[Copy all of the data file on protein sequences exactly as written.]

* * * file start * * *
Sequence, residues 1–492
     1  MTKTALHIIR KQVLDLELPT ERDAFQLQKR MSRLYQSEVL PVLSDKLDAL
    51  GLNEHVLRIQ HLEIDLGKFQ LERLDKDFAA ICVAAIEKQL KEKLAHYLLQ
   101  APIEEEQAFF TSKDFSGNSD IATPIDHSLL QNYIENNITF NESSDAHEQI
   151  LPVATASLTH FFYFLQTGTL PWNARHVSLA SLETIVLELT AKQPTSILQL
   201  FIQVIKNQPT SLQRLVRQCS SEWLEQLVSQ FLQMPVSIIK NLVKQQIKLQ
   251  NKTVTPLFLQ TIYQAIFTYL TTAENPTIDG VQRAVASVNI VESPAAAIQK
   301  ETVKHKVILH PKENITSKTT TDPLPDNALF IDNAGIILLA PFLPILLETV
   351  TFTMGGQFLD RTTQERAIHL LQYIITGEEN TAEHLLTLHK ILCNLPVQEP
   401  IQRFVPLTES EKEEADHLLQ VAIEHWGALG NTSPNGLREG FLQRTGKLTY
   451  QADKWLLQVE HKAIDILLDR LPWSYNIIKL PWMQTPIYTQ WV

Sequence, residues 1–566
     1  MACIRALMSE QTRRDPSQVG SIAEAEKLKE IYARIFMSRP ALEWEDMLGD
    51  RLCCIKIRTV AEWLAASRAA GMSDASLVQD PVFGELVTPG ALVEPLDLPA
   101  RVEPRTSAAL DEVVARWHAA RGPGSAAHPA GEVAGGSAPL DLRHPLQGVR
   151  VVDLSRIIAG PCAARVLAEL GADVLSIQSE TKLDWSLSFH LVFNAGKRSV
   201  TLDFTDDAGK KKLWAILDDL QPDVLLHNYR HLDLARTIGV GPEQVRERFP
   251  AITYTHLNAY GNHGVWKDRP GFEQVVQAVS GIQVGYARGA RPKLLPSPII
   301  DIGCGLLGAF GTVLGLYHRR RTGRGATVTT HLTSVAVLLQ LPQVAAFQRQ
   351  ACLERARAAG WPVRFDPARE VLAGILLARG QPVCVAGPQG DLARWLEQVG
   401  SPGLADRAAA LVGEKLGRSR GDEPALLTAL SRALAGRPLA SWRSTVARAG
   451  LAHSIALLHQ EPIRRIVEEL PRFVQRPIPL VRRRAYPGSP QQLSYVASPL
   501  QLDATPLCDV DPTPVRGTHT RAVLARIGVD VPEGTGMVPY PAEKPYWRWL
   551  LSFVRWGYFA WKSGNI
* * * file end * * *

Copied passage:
Sequence, residues 1–492
     1  MTKTALHIIR KQVLDLELPT ERDAFQLQKR MSRLYQSEVL PVLSDKLDAL
    51  GLNEHVLRIQ HLEIDLGKFQ LERLDKDFAA ICVAAIEKQL KEKLAHYLLQ
   101  APIEEEQAFF TSKDFSGNSD IATPIDHSLL QNYIENNITF NESSDAHEQI
   151  LPVATASLTH FFYFLQTGTL PWNARHVSLA SLETIVLELT AKQPTSILQL
   201  FIQVIKNQPT SLQRLVRQCS SEWLEQLVSQ FLQMPVSIIK NLVKQQIKLQ
   251  NKTVTPLFLQ TIYQAIFTYL TTAENPTIDG VQRAVASVNI VESPAAAIQK
   301  ETVKHKVILH PKENITSKTT TDPLPDNALF IDNAGIILLA PFLPILLETV
   351  TFTMGGQFLD RTTQERAIHL LQYIITGEEN TAEHLLTLHK ILCNLPVQEP
   401  IQRFVPLTES EKEEADHLLQ VAIEHWGALG NTSPNGLREG FLQRTGKLTY
   451  QADKWLLQVE HKAIDILLDR LPWSYNIIKL PWMQTPIYTQ WV

Sequence, residues 1–566
     1  MACIRALMSE QTRRDPSQVG SIAEAEKLKE IYARIFMSRP ALEWEDMLGD
    51  RLCCIKIRTV AEWLAASRAA GMSDASLVQD PVFGELVTPG ALVEPLDLPA
   101  RVEPRTSAAL DEVVARWHAA RGPGSAAHPA GEVAGGSAPL DLRHPLQGVR
   151  VVDLSRIIAG PCAARVLAEL GADVLSIQSE TKLDWSLSFH LVFNAGKRSV
   201  TLDFTDDAGK KKLWAILDDL QPDVLLHNYR HLDLARTIGV GPEQVRERFP
   251  AITYTHLNAY GNHGVWKDRP GFEQVVQAVS GIQVGYARGA RPKLLPSPII
   301  DIGCGLLGAF GTVLGLYHRR RTGRGATVTT HLTSVAVLLQ LPQVAAFQRQ
   351  ACLERARAAG WPVRFDPARE VLAGILLARG QPVCVAGPQG DLARWLEQVG
   401  SPGLADRAAA LVGEKLGRSR GDEPALLTAL SRALAGRPLA SWRSTVARAG
   451  LAHSIALLHQ EPIRRIVEEL PRFVQRPIPL VRRRAYPGSP QQLSYVASPL
   501  QLDATPLCDV DPTPVRGTHT RAVLARIGVD VPEGTGMVPY PAEKPYWRWL
   551  LSFVRWGYFA WKSGNI